Women in logistics: Attracting female talent to the industry

By - Talent in Logistics Journal

Women in logistics: Attracting female talent to the industry

The logistics sector is currently suffering from a nationwide skills gap, with around 54 per cent of logistics companies expecting this skills shortage to increase over the next five years (CILT). But, why is there such a shortage?

The lack of skills could be down to the fact that the supply chain industry is still largely male-dominated, which means it is missing out on valuable skillsets from female workers. In fact, a diverse workforce could be key to the success of your company. Research from McKinsey & Company shows that businesses with a diverse executive board tend to receive significantly higher earnings and returns on equity compared to those that are less diverse.

It is important that we address the gender imbalance and recruit and retain more women in the logistics industry. Here are a number of ways businesses can attract more female candidates.

Challenge perceptions of the industry

The logistics sector is currently dominated by men, which means it can commonly be looked at as a masculine industry. However, with so many different roles, from physical labour and warehouse management to AI, IT, and research positions, as well as opportunities for career development, it is important that we challenge and change perceptions of the industry and show off the varying roles that women can take up.

To do this, there are various steps that we need to take. First of all, we can attend schools and colleges to encourage young women to think about a career in logistics. We can preserve our future talent pipeline by discussing the importance of STEM subjects at an early age. We can also start to attract grassroots talent by taking part in apprenticeship and graduate schemes.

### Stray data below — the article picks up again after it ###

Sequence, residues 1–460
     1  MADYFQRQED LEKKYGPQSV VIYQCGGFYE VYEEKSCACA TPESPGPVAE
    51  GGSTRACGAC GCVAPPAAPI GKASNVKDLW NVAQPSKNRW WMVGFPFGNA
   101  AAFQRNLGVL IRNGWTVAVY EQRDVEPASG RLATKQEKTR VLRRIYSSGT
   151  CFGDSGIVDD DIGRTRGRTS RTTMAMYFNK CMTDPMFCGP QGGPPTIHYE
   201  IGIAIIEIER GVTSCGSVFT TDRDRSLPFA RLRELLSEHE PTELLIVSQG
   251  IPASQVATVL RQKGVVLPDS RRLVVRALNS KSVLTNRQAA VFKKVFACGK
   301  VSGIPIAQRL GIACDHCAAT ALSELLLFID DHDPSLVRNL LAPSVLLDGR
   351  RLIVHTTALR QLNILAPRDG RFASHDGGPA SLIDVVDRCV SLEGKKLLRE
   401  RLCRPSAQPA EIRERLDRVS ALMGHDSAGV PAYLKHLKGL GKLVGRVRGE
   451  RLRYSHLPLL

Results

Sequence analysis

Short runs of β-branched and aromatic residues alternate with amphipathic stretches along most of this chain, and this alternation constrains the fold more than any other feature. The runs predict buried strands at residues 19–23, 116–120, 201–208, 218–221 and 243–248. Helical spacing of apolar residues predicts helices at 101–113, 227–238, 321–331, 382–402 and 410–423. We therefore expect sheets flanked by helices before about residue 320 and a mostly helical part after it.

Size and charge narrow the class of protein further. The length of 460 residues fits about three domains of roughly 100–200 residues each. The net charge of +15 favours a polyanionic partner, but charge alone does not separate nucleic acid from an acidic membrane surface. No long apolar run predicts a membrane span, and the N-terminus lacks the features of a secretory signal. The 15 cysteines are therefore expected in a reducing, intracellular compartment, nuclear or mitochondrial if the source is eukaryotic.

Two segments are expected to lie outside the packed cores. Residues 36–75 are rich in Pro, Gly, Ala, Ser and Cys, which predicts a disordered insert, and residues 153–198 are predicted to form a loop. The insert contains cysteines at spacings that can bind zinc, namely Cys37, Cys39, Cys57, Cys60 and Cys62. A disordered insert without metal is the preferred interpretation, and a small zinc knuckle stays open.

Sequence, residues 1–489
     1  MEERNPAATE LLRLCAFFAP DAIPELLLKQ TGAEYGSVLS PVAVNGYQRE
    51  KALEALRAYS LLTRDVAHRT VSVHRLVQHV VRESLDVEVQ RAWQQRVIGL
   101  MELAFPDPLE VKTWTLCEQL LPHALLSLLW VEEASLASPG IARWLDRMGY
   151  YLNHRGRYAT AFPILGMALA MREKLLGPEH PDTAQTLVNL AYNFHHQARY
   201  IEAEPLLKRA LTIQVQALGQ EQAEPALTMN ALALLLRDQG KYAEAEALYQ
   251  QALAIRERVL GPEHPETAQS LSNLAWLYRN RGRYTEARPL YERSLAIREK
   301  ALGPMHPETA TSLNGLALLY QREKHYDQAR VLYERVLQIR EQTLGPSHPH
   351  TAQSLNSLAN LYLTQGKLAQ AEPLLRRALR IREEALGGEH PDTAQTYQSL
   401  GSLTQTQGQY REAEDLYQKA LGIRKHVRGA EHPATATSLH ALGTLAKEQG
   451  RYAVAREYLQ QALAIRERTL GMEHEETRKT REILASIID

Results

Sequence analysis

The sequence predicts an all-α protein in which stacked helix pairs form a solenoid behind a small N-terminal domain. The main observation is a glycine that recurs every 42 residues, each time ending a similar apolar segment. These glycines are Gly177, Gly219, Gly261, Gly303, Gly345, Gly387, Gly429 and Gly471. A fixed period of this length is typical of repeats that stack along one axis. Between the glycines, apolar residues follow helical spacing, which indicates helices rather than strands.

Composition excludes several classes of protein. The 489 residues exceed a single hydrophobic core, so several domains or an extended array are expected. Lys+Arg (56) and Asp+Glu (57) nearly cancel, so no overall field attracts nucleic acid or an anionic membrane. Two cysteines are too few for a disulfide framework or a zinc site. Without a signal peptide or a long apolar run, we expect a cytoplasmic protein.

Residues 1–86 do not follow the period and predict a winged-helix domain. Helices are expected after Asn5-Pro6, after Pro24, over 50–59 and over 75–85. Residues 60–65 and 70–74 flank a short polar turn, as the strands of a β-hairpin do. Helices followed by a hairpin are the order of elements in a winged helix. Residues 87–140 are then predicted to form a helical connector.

Introducing female mentors into schools and universities can show young women just what a career in logistics can do for them. Simply having a female role model that's already in the industry can go a long way towards attracting female talent in the future.

Encourage gender equality

In the workplace, there needs to be a bigger focus on encouraging gender equality. Although there's been a huge crack down on the gender pay gap in recent years, there are still some instances and industries where female workers are paid less than their male counterparts.

Currently, female forklift drivers earn around 5.1 per cent less than male forklift drivers, and female managers and directors in storage, warehousing, and logistics are, on average, paid between 9–11 per cent less than men (ONS). So, businesses must encourage gender equality by offering female workers the same opportunities and pay as male staff.

The hiring process itself needs to be considered. Everything from the wording of job adverts to the imagery used online can tell potential applicants what kind of person is being sought. However, wording and imagery can create an unconscious bias. To avoid this, employers must avoid any gendered words in job descriptions. Using a tool like Totaljobs' gender bias decoder can help to display diversity and gender-inclusivity.

In a male-dominated industry, it is highly likely that recruitment boards will be made up of a large proportion of men, which can either put women off or cause an unconscious bias in the final decision.

Review your company culture 

Since the industry is generally male-dominated, the thought of entering into this kind of workplace can be intimidating for female applicants.

Employers should make sure that all employees are aware of the benefits a diverse workforce can bring. Company culture should be fully inclusive of people, no matter their gender, so employers should make sure they have systems in place that can make roles fit around female workers as well as male. For example, offering flexible start times or giving the option for workers to choose their shift patterns. Not only can this help to attract more female talent, but it can also be a key factor in employee retention, too.

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